Ein toller Einstieg in die Werte von James Joyce. Die kurzen Geschichten sind eine Zeitreise in die vergangenen Zeiten Dublins und erwecken bei mir heute, als moderner Dubliner, das ein oder andere Lächeln beim spazieren am Liffey oder durch Temple Bar.
Ein sehr gutes Buch! Sollte man etwas nicht verstehen, da Sprache von Joyce nicht ganz alltäglich ist, gibt es viele Erklärungen. Das Buch enthält auch Kritik zu einzelnen Geschichten. Für jeder, der sich mit James Joyce kennenlernen möchte. Qualität - Preis finde ich gut. Aber man muss etwas vorsichtig mit dem Buch umgehen, damit es nicht auseinanderfällt.
Ireland is one of my favorite holiday destinations and I really love Dublin. So it was about time to read this collection of short stories by the most famous of all Irish writers. There are 15 short stories collected in this book, set in Dublin before the First World War. They present a naturalistic depiction of Irland right before World War I. The publication history says a lot about the time the book was written. Finished in 1905 it Joyce took nine long years to have it published. 15 publishers were offered this manuscript 18 times. Even when a publisher wanted to print the book, the printers would refuse to do their work, obvioulsy considering the book too obscene or too unflatterring. That is hard to understand today.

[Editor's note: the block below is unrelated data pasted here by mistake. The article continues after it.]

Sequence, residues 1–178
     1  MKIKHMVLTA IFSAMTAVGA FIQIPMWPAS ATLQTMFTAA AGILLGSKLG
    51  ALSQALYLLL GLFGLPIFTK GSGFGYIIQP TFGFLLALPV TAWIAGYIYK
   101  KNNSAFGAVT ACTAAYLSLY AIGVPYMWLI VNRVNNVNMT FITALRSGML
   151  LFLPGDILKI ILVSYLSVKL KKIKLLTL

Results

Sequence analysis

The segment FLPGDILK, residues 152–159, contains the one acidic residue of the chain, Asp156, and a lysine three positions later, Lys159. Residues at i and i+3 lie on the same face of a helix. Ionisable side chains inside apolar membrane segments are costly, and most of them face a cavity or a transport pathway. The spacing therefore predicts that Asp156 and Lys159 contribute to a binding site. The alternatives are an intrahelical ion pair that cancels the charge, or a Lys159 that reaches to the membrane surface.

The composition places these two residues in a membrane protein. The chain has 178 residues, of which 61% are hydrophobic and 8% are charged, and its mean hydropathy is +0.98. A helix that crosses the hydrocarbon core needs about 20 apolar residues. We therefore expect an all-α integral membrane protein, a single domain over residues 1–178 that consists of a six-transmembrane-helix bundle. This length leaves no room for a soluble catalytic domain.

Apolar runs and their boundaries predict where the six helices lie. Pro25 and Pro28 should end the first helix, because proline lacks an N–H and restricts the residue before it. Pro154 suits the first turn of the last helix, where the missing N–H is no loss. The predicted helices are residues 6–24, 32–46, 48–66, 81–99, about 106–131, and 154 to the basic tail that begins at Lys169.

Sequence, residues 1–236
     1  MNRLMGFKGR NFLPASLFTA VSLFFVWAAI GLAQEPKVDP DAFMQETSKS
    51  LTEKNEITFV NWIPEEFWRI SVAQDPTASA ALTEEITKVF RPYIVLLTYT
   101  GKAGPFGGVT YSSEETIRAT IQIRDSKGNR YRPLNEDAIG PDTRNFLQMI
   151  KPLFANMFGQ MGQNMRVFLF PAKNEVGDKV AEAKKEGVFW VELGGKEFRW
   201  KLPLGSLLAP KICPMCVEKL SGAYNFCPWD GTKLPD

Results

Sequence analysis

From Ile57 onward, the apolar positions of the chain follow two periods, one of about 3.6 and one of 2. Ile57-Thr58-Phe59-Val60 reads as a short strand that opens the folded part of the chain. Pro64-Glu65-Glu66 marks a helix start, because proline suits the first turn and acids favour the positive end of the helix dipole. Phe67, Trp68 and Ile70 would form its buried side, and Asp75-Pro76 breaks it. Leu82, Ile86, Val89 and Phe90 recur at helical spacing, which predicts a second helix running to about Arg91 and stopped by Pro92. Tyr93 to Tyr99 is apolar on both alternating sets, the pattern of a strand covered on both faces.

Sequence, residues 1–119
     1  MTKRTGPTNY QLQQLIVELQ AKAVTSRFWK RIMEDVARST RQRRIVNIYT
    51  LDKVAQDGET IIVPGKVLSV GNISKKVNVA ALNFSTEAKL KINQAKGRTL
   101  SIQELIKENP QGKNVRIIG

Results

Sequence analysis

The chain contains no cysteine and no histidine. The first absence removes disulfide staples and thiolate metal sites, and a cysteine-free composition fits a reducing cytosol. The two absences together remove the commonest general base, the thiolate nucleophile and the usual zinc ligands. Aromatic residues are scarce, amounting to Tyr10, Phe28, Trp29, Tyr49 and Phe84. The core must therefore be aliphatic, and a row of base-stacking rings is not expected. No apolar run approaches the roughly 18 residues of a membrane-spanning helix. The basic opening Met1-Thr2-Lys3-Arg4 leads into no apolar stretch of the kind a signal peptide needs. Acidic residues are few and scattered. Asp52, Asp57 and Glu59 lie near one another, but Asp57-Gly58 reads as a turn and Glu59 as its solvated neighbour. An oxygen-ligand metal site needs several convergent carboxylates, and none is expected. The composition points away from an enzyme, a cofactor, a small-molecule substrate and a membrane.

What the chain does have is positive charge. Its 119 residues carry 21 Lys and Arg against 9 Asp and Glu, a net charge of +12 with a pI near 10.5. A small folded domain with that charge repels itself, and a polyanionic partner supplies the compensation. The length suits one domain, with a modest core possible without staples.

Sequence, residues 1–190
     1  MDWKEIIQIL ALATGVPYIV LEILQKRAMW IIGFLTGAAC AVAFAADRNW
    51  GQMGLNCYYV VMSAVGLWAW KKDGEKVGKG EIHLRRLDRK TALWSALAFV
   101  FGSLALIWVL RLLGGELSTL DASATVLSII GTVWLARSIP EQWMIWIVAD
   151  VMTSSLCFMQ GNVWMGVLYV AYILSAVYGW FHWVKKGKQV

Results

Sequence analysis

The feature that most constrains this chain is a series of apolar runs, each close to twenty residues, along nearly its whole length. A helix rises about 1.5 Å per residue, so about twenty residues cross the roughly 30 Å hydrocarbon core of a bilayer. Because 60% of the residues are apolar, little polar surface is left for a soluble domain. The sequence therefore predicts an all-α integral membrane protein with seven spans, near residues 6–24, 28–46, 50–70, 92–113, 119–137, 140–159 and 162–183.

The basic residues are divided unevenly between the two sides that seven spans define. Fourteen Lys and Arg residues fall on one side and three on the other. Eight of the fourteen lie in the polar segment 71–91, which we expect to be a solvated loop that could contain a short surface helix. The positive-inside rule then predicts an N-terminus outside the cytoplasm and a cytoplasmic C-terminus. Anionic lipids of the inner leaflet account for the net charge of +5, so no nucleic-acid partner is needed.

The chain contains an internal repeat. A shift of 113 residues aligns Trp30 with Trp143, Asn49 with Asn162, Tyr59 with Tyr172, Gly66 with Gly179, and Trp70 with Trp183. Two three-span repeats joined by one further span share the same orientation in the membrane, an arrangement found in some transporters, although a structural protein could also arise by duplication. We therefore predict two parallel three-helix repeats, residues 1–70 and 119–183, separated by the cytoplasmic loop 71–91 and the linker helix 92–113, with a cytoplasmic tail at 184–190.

By most people „Dubliners“ is considered to be the most "accessible" of Joyce's works, because there are no stream-of-consciousness passages which Joyce is so famous for. So this is the first major work I have read by Joyce, Ullyses still awaits the necessary courage.